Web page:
A co-author of the Gonski report has labelled the new Federal Education Minister Christopher Pyne “a minister on L-plates” amid confusion over school funding.
Mr Pyne has not yet announced a new funding model for schools after scrapping the Gonski plan that was introduced under the previous Labor government.
Several education ministers have being fighting to maintain the funding agreed to under Gonski, but Mr Pyne insists it is time to go back to the drawing board.
In the meantime, it remains unclear where schools funding will come from after 2014.
The former head of the New South Wales Education Department and co-author of the Gonski report, Dr Ken Boston, says the situation could bring public education to its knees.
“Gonski was a done deal. This had been signed up. Mr Abbott had talked of a unity ticket,” he said.
“Now we’ve not only backed away, apparently, from the unity ticket, we’ve potentially backed away from Commonwealth support for public education.
“It’s extraordinary. It’s almost unbelievable that a Commonwealth minister would be silly enough to take such a position.”
Dr Boston says public schools would struggle to survive if the current funding formula continued.
“Assuming there’s no increase in enrolments by 2016/2017, the government sector would’ve received an additional six per cent, a little over $300m in funding,” he said.
“The non-government sector would receive an increase in funding of about $2.4 billion, which is a little over 30 per cent of their current funding.
“Mr Pyne could say it’s up to the states to pick up public school funding, but no state government is in a position to find an additional 30 per cent for public schools.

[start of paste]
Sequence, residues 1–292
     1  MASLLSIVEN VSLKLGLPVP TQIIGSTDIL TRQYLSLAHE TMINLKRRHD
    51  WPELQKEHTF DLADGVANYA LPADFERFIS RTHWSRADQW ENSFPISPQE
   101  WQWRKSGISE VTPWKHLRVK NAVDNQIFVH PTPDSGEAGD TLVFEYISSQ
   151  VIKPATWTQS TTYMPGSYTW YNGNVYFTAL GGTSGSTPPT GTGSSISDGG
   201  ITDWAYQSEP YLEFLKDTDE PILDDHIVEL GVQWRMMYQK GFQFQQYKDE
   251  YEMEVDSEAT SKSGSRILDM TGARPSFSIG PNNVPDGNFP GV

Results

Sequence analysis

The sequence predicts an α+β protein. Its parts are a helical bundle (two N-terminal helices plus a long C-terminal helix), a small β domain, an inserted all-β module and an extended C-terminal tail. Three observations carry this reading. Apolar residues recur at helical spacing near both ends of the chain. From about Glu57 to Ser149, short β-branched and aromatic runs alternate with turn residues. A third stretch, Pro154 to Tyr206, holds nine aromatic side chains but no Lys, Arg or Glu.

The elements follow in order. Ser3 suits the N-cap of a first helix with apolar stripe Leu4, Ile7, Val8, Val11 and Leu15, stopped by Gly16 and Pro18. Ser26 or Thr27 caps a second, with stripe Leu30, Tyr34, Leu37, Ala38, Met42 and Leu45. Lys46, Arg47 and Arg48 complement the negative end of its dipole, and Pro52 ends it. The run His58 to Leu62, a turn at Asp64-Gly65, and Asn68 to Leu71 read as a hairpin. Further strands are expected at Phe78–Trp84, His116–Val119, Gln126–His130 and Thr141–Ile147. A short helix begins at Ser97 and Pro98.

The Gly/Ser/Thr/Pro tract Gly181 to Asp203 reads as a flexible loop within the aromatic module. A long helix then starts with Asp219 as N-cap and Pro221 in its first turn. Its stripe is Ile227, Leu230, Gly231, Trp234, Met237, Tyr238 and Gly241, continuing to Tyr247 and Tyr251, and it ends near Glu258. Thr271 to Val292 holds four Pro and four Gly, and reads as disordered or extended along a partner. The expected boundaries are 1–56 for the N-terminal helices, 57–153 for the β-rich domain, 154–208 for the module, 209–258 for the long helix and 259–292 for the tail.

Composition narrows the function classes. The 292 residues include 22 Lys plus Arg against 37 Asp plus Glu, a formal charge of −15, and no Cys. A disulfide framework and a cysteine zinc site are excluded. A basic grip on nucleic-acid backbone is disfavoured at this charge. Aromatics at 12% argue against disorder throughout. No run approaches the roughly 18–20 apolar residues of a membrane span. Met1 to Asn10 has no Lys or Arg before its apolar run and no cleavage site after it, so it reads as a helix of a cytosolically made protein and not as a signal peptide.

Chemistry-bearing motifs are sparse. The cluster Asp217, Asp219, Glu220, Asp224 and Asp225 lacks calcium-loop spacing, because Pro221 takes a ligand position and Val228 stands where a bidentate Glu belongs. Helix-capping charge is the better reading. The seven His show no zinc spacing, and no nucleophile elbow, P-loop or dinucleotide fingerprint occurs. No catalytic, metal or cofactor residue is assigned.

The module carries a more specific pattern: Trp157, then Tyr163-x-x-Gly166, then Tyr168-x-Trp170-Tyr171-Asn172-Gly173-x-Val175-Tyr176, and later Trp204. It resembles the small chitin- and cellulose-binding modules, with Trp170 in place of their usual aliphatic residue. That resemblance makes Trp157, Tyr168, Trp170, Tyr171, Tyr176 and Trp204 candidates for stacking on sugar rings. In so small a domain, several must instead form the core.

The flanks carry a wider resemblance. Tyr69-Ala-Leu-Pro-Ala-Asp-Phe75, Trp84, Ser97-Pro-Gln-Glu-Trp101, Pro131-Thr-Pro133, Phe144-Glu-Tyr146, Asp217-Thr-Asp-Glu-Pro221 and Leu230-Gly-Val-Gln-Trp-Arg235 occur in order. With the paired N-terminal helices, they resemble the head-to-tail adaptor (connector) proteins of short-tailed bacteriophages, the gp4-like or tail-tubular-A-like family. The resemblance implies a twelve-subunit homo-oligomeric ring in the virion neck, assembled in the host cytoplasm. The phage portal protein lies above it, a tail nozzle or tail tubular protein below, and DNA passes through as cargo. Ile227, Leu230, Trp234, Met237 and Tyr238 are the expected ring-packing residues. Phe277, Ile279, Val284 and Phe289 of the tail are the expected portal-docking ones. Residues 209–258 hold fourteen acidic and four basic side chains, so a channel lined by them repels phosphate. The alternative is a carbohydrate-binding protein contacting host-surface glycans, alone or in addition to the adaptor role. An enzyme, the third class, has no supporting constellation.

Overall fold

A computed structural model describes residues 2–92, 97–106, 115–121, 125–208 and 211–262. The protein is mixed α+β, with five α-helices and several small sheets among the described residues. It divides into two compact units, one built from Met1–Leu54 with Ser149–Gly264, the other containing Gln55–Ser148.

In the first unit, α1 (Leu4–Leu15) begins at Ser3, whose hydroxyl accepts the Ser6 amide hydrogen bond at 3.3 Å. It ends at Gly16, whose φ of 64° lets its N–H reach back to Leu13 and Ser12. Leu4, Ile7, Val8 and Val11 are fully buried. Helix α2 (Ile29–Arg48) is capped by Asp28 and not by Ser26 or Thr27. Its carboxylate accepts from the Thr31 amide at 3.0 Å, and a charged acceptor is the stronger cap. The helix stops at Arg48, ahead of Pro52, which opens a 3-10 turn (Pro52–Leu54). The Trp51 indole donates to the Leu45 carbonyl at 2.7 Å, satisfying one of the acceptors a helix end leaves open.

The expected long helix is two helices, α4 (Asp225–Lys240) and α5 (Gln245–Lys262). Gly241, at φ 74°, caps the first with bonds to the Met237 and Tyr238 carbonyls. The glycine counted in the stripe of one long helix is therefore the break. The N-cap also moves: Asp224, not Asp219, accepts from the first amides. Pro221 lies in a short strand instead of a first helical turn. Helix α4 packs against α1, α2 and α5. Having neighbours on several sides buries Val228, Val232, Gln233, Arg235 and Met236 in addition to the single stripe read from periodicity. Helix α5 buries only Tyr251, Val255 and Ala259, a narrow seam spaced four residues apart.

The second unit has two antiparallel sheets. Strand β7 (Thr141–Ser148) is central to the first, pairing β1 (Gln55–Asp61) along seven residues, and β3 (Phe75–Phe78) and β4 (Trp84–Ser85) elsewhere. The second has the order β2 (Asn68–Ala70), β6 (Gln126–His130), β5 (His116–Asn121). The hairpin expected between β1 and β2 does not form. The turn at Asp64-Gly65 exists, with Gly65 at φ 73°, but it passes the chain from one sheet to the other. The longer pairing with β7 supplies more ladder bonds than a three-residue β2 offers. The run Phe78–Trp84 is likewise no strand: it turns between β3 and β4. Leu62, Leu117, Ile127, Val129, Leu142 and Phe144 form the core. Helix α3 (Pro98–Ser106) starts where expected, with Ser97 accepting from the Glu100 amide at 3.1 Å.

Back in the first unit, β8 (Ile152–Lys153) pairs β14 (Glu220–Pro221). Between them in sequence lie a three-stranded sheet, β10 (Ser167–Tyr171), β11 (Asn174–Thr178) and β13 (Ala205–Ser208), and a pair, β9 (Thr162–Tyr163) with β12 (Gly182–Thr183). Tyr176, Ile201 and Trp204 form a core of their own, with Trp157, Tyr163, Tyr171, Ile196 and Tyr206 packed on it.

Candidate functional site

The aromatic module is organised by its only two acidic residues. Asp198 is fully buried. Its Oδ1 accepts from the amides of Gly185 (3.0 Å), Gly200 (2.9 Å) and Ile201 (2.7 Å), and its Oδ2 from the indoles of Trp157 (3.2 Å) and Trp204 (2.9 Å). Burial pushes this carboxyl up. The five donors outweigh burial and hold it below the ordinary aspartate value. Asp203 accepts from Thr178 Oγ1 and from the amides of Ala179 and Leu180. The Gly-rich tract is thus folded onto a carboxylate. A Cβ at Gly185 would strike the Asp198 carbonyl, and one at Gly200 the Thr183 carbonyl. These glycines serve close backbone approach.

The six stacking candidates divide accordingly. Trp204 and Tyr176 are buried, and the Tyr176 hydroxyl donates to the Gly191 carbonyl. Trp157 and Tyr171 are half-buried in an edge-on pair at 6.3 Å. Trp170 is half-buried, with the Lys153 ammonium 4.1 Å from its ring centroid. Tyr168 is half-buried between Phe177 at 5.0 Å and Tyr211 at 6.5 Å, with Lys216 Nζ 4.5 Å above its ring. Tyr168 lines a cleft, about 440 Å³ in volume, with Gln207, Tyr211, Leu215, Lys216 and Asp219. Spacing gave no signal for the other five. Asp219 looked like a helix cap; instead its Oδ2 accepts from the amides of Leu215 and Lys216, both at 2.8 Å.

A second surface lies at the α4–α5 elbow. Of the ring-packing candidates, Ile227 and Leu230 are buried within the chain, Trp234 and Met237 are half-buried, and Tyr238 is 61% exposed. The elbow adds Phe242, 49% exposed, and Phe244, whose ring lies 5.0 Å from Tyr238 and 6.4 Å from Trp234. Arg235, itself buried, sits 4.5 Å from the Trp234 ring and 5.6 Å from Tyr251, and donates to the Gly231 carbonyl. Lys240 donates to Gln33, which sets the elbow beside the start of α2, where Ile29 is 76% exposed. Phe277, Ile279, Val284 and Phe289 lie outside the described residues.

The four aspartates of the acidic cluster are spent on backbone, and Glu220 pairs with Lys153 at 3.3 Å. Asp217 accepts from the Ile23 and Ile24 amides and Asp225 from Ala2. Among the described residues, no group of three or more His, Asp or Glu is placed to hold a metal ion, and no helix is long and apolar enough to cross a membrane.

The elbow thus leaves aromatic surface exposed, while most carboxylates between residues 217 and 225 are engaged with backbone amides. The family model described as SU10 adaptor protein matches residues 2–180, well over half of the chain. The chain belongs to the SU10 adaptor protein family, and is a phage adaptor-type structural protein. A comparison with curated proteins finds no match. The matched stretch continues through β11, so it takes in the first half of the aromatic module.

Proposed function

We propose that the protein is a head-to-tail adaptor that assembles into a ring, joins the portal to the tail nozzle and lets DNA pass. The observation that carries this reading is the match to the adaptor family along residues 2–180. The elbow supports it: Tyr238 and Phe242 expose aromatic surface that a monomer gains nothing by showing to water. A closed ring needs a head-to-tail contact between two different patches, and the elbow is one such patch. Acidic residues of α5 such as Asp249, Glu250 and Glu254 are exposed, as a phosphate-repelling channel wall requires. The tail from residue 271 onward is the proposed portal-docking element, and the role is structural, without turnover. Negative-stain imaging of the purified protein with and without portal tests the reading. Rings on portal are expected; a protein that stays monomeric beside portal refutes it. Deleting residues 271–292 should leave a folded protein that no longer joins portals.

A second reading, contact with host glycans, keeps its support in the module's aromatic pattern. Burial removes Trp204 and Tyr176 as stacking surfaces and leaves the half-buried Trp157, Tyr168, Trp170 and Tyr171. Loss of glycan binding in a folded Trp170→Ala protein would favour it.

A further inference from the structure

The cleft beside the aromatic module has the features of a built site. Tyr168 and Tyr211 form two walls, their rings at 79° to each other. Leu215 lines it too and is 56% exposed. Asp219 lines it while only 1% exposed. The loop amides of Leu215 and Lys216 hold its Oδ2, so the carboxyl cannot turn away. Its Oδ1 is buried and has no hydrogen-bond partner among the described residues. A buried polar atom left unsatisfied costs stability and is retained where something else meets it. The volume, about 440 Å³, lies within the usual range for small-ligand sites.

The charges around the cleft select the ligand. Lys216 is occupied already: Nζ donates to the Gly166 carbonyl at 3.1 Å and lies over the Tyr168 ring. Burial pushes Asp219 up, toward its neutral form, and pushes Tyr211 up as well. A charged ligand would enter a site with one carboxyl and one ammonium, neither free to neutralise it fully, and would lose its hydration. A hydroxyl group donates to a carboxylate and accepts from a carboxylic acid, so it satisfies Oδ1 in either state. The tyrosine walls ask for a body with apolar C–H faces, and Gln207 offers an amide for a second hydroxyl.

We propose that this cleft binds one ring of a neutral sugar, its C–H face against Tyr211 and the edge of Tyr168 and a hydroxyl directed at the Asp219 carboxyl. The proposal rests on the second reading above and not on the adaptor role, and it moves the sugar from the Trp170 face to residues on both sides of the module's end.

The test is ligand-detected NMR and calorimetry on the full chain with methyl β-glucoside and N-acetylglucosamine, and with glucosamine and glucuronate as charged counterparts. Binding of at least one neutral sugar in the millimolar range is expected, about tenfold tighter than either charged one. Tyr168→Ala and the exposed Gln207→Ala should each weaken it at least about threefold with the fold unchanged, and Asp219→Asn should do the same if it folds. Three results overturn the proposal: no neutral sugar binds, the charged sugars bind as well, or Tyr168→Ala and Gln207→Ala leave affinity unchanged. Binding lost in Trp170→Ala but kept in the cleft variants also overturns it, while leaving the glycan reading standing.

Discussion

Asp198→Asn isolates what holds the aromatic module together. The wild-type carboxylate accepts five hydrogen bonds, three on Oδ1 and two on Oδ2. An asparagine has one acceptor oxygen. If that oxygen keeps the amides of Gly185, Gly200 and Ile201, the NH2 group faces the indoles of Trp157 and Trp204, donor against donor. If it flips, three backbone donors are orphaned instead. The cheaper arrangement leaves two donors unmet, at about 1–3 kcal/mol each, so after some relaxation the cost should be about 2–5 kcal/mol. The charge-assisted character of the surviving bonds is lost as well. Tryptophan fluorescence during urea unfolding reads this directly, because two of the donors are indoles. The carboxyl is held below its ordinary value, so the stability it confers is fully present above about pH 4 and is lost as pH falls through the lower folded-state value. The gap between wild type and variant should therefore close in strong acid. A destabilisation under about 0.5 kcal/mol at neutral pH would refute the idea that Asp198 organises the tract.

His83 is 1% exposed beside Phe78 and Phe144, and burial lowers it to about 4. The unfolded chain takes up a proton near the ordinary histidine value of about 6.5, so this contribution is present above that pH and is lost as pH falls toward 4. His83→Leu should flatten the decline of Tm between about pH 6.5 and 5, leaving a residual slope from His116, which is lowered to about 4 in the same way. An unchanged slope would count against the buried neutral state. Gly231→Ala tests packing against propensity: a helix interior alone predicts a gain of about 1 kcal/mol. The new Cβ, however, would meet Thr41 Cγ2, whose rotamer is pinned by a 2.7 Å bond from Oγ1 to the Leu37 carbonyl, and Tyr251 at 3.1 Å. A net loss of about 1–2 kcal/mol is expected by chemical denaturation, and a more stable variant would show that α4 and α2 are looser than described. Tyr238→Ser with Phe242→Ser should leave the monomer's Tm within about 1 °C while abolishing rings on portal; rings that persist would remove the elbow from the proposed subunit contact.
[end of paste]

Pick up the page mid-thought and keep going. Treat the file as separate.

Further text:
“He will bring public education to its knees.”
‘Shorten left a complete shambles’
Mr Pyne denies that public schools will bear the brunt of any future funding cuts and maintains he has not broken an election promise.
“Next year every state gets what they would have got, whether they signed the agreement with Labor or not, before the election,” he said.
“So we’ve gone further than Labor would have.”
He says speculation about future school funding is unhelpful but he has refused to reveal any information until next year.
“Labor’s promise was to remove $1.2 billion of the $2.8 funding that was planned over the forward estimates,” said Mr Pyne.
“[Opposition Leader and former Federal Education Minister] Bill Shorten left me a complete shambles. Victoria and Tasmania hadn’t really signed up, the Catholics hadn’t signed up, the model itself is quite incomprehensible.
“My job is to fix that and I intend to do it.
“More importantly we need to focus on teacher quality, robust curriculum, principal autonomy and parental engagement because funding is only one element of school outcomes.”
NSW urged to divert private school funding
The New South Wales Greens are urging the State Government to re-direct private school funding into public schools, in response to the Commonwealth’s education policy about-face.
NSW Greens MP John Kaye says the state’s Education Minister, Adrian Piccoli, should protect public schools by pulling state funding from independent schools.
“We can not afford to let public education to be impoverished by Christopher Pyne’s refusal to live up to his deal,” he said.
“The O’Farrell Government has no choice but to protect public schools from Christopher Pyne’s behaviour.”
‘Not much point behaving like children’
Meanwhile, the Queensland Government says there’s no point complaining about the plan to scrap the Gonski education funding model.
Queensland Education Minister John-Paul Langbroek says the political landscape has changed and the other states aren’t being realistic.
“What the other states should understand is that they can’t deal with a situation that is now different before the election,” he said.
“The world has changed, and there is not much point behaving like children and complaining about something and that this new federal coalition government should just find money as if it were found in a suitcase on the bus stop and that is the way you are going to give equity to the other states.”